The Turkish lira declined for a seventh straight day on Wednesday, bringing its losses to more than 5% since Russia launched its attack on Ukraine, raising inflation and current account risks for Turkey. It traded down to 14.67-68 in mid-afternoon, with no news of intervention by the Central Bank of Turkey (CBRT). Analysts estimate CBRT’s “usable” (easily encashable) FX Reserves are down to $40 bn at the very best. One of Turkey’s leading economists, Mr Mahfi Egilmez estimated in his 8 March blog that the Ukraine War can cost Turkey up to $30 bn, in terms of a broader current account deficit and the payments to be made by the Treasury and CBRT holders of “FX protected TL deposit scheme”. Is TL on the verge of another crash?
The TL vs USD is now at its weakest since Dec. 20, when the government announced a plan to protect lira deposits against currency depreciation, “FX protected TL deposit scheme”.
In the first two months of the year, authorities were able to hold the lira in a tight band through costly interventions in the foreign exchange market and the lira protection scheme.
The currency blew through 14 against the dollar when volatility returned in late February as the tensions between Moscow and Kyiv rose, before rebounding.
The lira is now down some 10% since the end of 2021, a year in which it shed 44% of its value against the dollar.
The currency crisis was sparked by a central bank easing cycle, that saw the policy rate reduced 500 basis points to 14% since September.
Under the lira protection scheme, the Treasury makes up for the difference between the interest rate on lira deposits and the currency’s depreciation on the maturity date.
Enver Erkan, chief economist at Tera Brokers, said the lira’s depreciation is already putting pressure on public finances as the currency’s depreciation is higher than periodic yields, and the lira deposit scheme was becoming less sustainable, Reuters reported.
“The burden on public finances means more indirect taxes or monetary expansion, which could lead to an inflationary spiral,” he said.
“The lira weakened as much as 1% to 14.6546/USD, extending its year-to-date losses to 9%, the worst among emerging-market peers after Russia’s ruble and Poland’s zloty. The dollar-lira 14-day RSI rose above 70 for the first time in almost three months, signaling to some analysts that the greenback is overbought”, added Bloomberg. “The worsening outlook is complicating Erdogan’s electoral considerations with less than 14 months left before the general elections and his popularity hovering around 40%, the lowest since his rule began two decades ago. The Turkish leader forced the central bank to lower interest rates to create more jobs but soaring energy costs are pushing Turkey deeper into a wage-price spiral”.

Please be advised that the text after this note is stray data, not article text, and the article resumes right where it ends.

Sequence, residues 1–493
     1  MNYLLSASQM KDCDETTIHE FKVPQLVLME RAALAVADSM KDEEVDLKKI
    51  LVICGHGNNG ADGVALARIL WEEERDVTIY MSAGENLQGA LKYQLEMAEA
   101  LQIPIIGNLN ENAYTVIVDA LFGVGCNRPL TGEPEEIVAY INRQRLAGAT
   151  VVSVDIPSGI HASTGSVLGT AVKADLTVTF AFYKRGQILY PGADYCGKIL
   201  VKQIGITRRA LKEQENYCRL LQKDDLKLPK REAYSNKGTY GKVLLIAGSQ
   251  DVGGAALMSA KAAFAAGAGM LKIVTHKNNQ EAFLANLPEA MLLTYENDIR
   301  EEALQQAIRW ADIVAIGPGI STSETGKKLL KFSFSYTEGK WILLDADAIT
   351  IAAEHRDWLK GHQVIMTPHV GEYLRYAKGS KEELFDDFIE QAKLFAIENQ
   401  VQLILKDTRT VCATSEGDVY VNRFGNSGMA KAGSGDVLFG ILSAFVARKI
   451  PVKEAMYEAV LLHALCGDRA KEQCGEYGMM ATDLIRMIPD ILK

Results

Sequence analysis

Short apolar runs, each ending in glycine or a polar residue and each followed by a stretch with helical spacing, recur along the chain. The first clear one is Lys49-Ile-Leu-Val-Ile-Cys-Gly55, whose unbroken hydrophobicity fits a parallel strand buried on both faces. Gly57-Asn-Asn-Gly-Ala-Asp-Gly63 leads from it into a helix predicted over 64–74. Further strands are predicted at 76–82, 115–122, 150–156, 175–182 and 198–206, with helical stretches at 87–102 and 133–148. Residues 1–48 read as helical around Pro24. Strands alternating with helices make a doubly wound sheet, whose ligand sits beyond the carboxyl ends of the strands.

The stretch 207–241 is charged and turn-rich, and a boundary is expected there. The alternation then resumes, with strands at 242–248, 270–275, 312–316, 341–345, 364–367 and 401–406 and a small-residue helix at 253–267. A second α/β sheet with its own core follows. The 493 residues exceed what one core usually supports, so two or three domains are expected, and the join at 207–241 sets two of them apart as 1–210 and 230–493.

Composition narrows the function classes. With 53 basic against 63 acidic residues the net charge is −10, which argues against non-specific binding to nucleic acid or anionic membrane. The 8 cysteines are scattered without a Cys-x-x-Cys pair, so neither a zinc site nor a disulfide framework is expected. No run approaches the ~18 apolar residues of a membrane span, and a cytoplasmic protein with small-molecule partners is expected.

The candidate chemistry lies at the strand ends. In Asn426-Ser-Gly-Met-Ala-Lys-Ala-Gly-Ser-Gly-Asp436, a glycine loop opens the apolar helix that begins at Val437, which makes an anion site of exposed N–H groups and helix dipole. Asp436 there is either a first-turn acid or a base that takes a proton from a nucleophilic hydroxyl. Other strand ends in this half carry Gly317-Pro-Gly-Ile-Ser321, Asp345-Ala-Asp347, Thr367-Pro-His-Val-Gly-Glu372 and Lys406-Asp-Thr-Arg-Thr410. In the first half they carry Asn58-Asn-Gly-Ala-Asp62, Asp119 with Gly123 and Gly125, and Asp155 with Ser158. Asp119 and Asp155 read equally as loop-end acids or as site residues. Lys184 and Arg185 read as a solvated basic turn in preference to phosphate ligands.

The interest rate cuts were part of President Tayyip Erdogan’s new economic plan that aims to turn Turkey’s chronic current account deficits to a surplus, raise growth, employment and exports while keeping low rates.
But the rise in commodity prices from oil to wheat due to Russia’s invasion of Ukraine are likely to lead to a larger deficit, while also further stoking inflation – already at 54%.
Fed Interest Rate Hikes Will Hurt Turkish Economy (And Other Emerging Markets) Badly
Tera’s Erkan said if there is a slowdown in the European industry due to the energy crisis, Turkey’s exports could also decline, risking a wider current account deficit.
Economists have said a rate hike is not in the cards, given Erdogan’s aversion to high borrowing costs.
“I think there should be a change in (the central bank’s) strategy given that keeping rates stable now is remaining behind the curve,” Erkan said, noting there has been no signal from authorities of a return to orthodox policies.
TURKEY: Next Stop Is Currency Controls
U.K based strategist for BlueBay Asset Management, Tim Ash commented in a email note: “Turkey is one of the largest losers from the war in Ukraine, thru higher energy prices – oil at $200 a barrel could be catastrophic, pushing the current account deficit to $50bn plus.
Tourism is also likely to take a hit, and higher food import prices will also impact them.
Solutions? Well the CBRT does not really have enough reserves to defend the lira for long, so they will have to allow the currency to weaken further, or hike rates, or “call a friend”. This could either be Gulf states which I guess are going to flush with oil revenues at oil at $200 a barrel or the West – Turkey is now a critical NATO ally supplying Bayraktor drones to Ukraine. I did speak at the House of Commons Foreign Affairs Select Committee on the Ukraine crisis and sanctions yesterday and highlighted that NATO ally, Turkey, will be badly impacted and should benefit from some support from the West.
That said, the obvious solution is higher rates, and with the lira again on a weakening trend, it is hard to see inflation going much lower than 50% this year, and likely will continue to head higher in the near term – 60%?”
So far “Turkey’s friends” were generous with local currency swaps, but not with hard cash to bail CBRT out. If calls are not answered, Erdogan has another option to defend the exchange rates: Currency controls.
These have a massive political cost: He may lose 2023 presidential elections. But, In the last currency crash in December, dollar/TL peaked at around 18.00, stoking the current inflationary tsunami.
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